In the AR Scorpii, the scientists discovered a binary star containing a white dwarf that spins its particles close to the speed of light.
The stars up in the sky are undergoing different processes that make them pulse all the time. They shrink, and they expand, they eclipse each other, and they even share mass.
The American Association of Variable Star Observers is dedicated to variable stars.
The significant variation in the light curve made the scientists from the Astronomy & Astrophysics group from the University of Warwick, England, to monitor the activity of the star.
They decided to follow the star with the help of a high-speed camera.
The star was discovered in 1971, and it was classified as a lone variable star which expands and contracts. The discovery did not seem to be of much interest to the scientists. Thus they continued space exploration towards new territories.
The new team of researchers discovered that, in fact, the star is composed of a white dwarf and a red dwarf. The white dwarf resulted from the remains of a star that lacked energy, and the red dwarf is a star similar to our Sun but only smaller. The new variable star had them both.
The researchers realized that the pulsing of the star was, in fact, the moving of the red dwarf away from the white dwarf. The first star was moving away from the second one and coming towards the Earth as it orbited the star.
The white dwarf is the most important part of the binary star. It had strong pulsations, as it can become four or five times more luminous in a matter of seconds and then fades away again.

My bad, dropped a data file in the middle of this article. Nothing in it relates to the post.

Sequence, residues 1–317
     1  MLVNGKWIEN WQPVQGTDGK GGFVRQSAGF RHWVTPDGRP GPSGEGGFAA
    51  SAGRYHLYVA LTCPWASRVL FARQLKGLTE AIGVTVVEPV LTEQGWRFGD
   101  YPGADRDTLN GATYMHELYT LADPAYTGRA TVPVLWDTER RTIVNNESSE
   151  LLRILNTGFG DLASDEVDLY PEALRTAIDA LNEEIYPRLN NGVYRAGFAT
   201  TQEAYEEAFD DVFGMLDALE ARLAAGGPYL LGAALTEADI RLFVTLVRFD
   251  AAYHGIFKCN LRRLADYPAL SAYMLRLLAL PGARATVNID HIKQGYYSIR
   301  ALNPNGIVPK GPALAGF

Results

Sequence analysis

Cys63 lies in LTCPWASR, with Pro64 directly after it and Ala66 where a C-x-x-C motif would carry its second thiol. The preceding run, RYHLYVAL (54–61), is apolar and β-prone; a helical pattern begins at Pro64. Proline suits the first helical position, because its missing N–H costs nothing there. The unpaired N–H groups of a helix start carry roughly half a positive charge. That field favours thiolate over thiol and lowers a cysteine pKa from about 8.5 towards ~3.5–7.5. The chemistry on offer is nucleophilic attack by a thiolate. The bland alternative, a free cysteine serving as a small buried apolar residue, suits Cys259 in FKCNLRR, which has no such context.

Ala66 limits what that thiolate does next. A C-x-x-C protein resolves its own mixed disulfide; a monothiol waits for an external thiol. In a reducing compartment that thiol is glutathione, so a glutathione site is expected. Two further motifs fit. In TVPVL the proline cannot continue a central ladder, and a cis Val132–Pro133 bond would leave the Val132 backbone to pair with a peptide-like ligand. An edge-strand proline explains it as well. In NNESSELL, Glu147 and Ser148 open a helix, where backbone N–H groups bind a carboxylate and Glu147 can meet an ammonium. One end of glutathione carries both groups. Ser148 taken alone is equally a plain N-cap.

The scientists that studied the formation called it a new type of cosmic particle accelerator.
Another interesting thing related to the white dwarf is that it emits light in almost all wavelengths, even in the radio. There is only one other star that can emit in radio length, but it does not pulse. In the case of the Scorpii star, the radio waves come from energetic electrons traveling at the speed of light.
The white dwarf has an adamant magnetic field, and it spins at an enormous speed, which makes it accelerate its electrons around the poles, in a way similar to an aurora.
The magnetic pulse is situated closer to the equator, and the poles appear and disappear periodically, which makes it look like a lighthouse.
The scientists want to complete the analysis by using data coming from an X-ray satellite, to see if the star binary is capable of emitting X-ray wavelengths. The scientists also want to know how the star accelerates its particles at that enormous speed.
The researchers also plan to collaborate with amateur astronomers and follow up the star around the world. There is a possibility that white dwarfs could display similar behaviors to pulsing neutron stars.
Image Source: Wikipedia
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